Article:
By Todd Bernhard on Sat, 07/14/2012
For several years, I've been showing movies on the garage for the neighborhood kids. When the iPad came out, with the optional VGA cable, it enhanced the portability of my setup. I no longer needed to lug a laptop to connect to my projector. But Apple, while they usually do things right, didn't do a great job with their VGA connector dongle. It uses the 30 pin connector but doesn't provide a way to power an iOS device, so you're limited to the battery life of the iPad or iPhone. Apple also offers composite, component, and HDMI connectors, which fixed this, but most projectors are wired for VGA not HDMI and Apple's VGA dongle is easy to keep in your bag.
Enter Epson and their MegaPlex series of projectors. The Epson MegaFlex 850HD projector offers a kitchen sink approach when it comes to connections. I'll try to name a few but the most significant one is the actual Apple compatible 30 pin dock that retracts into the unit, similar to a Bose stereo. Speaking of stereos, the built-in speakers do a great job and you could even consider using the MegaPlex as a speaker system for music.
You can directly dock your iPhone, or iPad, and play music or movies without any cables or dongles! What's more, your iOS device charges while it's plugged in, so no more worries about battery life.
Of course there is a VGA input, but there are also RCA jacks for both component and composite cables. Perhaps the best news is there is an HDMI port. This allows you to hookup the iPad using Apple's HDMI connector and you can use a regular charging cable to keep your iPad charged. What I am really interested in is using an Apple TV as the video source, as that will allow me to wirelessly send audio and video using AirPlay, as well as use all of the Apple TV features and sources of content, like Netflix.
The Epson MegaPlex has another trick up its sleeve. You can connect a Mac, PC, or USB drive to the USB port and project content that way.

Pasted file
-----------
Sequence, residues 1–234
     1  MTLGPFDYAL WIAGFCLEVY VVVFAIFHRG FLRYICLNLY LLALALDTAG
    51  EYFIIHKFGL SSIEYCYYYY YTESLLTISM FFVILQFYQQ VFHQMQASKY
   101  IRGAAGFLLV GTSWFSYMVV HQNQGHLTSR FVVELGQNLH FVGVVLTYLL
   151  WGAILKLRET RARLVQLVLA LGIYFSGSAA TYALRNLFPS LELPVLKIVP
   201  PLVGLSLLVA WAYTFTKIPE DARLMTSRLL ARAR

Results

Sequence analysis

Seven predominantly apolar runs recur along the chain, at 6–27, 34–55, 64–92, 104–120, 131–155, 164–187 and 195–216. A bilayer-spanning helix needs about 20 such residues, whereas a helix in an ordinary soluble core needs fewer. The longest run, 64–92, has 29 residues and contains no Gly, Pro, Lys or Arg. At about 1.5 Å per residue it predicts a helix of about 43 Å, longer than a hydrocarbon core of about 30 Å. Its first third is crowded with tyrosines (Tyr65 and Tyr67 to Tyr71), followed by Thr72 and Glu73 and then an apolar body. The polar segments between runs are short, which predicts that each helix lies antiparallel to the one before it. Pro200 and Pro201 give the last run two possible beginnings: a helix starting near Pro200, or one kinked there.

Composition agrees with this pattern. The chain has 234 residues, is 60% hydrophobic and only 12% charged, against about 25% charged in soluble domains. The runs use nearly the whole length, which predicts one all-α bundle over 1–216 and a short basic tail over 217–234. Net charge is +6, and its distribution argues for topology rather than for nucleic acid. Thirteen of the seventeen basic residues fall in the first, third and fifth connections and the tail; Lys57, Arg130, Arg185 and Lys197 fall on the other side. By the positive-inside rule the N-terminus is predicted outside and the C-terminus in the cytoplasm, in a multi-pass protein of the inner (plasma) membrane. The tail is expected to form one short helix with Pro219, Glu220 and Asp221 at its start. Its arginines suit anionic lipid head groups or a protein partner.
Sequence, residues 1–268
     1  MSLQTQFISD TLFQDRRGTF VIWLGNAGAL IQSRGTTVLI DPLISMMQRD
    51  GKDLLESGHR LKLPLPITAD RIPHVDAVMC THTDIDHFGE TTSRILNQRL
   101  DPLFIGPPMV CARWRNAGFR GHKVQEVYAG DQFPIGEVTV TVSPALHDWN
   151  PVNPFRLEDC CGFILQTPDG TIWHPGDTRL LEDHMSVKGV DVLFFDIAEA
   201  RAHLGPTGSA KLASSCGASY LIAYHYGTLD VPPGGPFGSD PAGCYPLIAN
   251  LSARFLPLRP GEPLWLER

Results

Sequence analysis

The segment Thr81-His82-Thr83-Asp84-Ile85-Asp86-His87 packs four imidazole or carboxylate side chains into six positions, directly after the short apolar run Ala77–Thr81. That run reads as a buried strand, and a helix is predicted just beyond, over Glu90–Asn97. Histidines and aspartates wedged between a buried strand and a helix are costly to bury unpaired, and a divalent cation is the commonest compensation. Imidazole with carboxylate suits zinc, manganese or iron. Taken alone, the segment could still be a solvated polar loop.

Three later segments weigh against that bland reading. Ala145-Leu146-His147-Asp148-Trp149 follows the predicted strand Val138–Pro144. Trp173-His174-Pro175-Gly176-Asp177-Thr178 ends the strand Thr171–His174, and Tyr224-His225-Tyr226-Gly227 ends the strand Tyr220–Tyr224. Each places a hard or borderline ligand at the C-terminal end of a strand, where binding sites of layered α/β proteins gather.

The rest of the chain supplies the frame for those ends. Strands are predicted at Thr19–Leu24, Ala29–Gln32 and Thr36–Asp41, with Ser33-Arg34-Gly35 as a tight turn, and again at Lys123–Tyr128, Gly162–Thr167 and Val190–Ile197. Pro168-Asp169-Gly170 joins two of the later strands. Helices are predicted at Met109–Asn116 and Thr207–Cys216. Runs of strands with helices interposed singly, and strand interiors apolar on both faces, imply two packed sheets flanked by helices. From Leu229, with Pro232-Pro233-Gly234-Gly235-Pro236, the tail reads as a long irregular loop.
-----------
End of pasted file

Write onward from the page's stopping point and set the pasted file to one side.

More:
If you choose the built in dock, the screen is not automatically mirrored. Instead, Epson includes a menu, controlled by their included remote, that lets you select from the iOS device's media such as movies, music, iTunes rentals, etc. This is a nice feature and great for navigation from the couch or boardroom. However, keep in mind that video from apps like Netflix will not display using that interface. Instead, you can use one of the cable connections or an Apple TV with AirPlay.
Getting back to those summer movie screenings. The 2800 lumens also helps allow me to start showing movies earlier than usual, as I don't have to wait for complete darkness. That means the neighborhood kids can get to bed earlier, too!
I do have a few recommendations for Epson. The plastic and rubber pieces that cover most of the ports are bound to get lost. That's probably okay, as most users will want to leave all of the ports exposed so there's no guesswork. For example, I didn't read the manual at first, so I wasn't aware of where all of the ports were! Still, it might be worth making the port covers slide or flip open so there's nothing to lose. Similarly, there is an extra support bracket for use with the iPad, that, when stuck to the projector using the included adhesive strip. It should keep the iPad in place but I would have preferred that it were permanently attached.
The bottom line? Shame on you if you can't find a way to get the content you want to be displayed by the Epson MegaPlex!